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‘Our Algorithm Enables Better Security, Better Living, and Better Business’: Andrei Telenkov, CEO of NtechLab


“As a leading facial recognition software company, we have established a worldwide network of trusted partners who implement our technology.”

NtechLab is a world-renowned expert in video analytics with more than 200,000 cameras installed across 20 countries. The company-built facial recognition software is connected with these cameras, making the world a safer and more comfortable place.

NtechLab algorithms are designed to help organisations and businesses make better decisions. The technology empowers governments and security services to act with greater speed and confidence and provides commercial companies with richer audience analytics.

NtechLab was founded in 2015 and is based in Moscow.

To highlight and further understand what NtechLab stands for and seeks to explore in this segment, I sat down with Andrei Telenkov, who serves as the company’s Chief Executive Officer.

Below is an excerpt.

Q. What’s your story? And tell us what motivated you to establish NtechLab?

Our founder, Artem Kukharenko, is the man behind NtechLab technology. He has specialised in neural networks since his time studying at Moscow State University where he authored several scientific works on the subject. In 2015, he developed a smartphone app that could specify a dog’s breed from a single photo called Magic Dog. Through a friend, he was introduced to businessman and passionate tech-investor Alexander Kabakov (who has also funded popular Russian online service YouDo, helping users to find people to help in solving everyday tasks and household chores). Kabakov suggested a pivotal change in the use of the technology behind Magic Dog — regarding creating an algorithm that could instead recognise human faces. Kabakov and his partners became first-round investors in NtechLab, and six months later the company’s product had beaten Google in the MegaFace Challenge, which pits facial recognition technologies head-to-head, organised by the University of Washington.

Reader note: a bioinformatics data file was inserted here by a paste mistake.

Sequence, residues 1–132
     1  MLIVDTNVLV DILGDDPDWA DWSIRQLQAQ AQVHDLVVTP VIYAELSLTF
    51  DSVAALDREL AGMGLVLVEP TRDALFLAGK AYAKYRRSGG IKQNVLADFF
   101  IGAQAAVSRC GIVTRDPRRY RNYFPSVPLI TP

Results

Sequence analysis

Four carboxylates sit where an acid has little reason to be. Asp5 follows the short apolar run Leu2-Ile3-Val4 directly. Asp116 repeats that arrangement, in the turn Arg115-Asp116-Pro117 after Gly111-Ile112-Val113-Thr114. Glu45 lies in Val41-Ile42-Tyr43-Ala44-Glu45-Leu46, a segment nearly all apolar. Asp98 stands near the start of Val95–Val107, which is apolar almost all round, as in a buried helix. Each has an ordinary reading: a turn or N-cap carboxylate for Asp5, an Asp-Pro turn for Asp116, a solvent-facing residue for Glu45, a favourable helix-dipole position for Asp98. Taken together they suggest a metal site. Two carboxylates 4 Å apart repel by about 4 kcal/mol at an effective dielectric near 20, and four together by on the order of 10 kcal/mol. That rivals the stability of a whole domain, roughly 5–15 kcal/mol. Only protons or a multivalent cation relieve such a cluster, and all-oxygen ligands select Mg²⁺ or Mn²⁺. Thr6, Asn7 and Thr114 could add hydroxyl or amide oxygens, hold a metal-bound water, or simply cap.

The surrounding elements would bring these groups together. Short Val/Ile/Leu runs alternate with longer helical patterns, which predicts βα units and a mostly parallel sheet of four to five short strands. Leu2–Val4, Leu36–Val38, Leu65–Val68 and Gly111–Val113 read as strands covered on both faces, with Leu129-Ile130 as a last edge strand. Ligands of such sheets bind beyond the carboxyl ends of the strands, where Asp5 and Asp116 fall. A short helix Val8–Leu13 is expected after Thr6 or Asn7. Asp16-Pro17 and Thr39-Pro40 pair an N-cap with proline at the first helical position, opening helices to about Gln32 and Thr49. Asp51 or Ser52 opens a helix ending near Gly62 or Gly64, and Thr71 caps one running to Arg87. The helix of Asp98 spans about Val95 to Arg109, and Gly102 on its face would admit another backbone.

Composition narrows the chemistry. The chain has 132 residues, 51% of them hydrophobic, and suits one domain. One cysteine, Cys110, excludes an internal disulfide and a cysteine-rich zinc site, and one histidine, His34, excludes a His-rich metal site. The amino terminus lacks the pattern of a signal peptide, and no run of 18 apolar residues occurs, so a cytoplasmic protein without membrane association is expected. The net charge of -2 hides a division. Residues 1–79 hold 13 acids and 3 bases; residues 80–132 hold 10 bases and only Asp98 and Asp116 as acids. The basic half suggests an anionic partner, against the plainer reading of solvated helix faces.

As for me personally, I joined the NtechLab in 2020. I was proud to become the CEO of a Russian company, which managed, without exaggeration, to achieve such tremendous successes abroad. For you to understand, I became CEO during the COVID-19 pandemic. I met with the employees, introduced myself, and the next day we switched to remote work. Now I can say with confidence that the company has successfully overcome this stage. We not only doubled our revenue but also managed to come up with an effective and working product that made it possible to ensure the safety of residents during the pandemic. The algorithm underlying NtechLab’s solutions have shown a great deal of effectiveness in identifying those who violate quarantine while tracking the social interactions between the potentially contagious and promptly notifying respective authorities.

Q. Tell me about the most difficult customer encounter you’ve experienced. And how did you handle it?

The Western Railway, one of the busiest railway networks in India, has commissioned video cameras featuring real-time face recognition technology. The system, developed by NtechLab, has been installed at 30 railway stations across the western Indian states of Gujarat and Maharashtra, and including the city of Mumbai. The camera system will be used on the busiest section of the network and ensure simultaneous recognition of up to 50 people in a single frame. It was a complex challenge, but we were able to successfully address it efficiently and on schedule.

Q. Trust is one of the most important currencies of leadership that requires authenticity and consistency to maintain. What’s your take on this?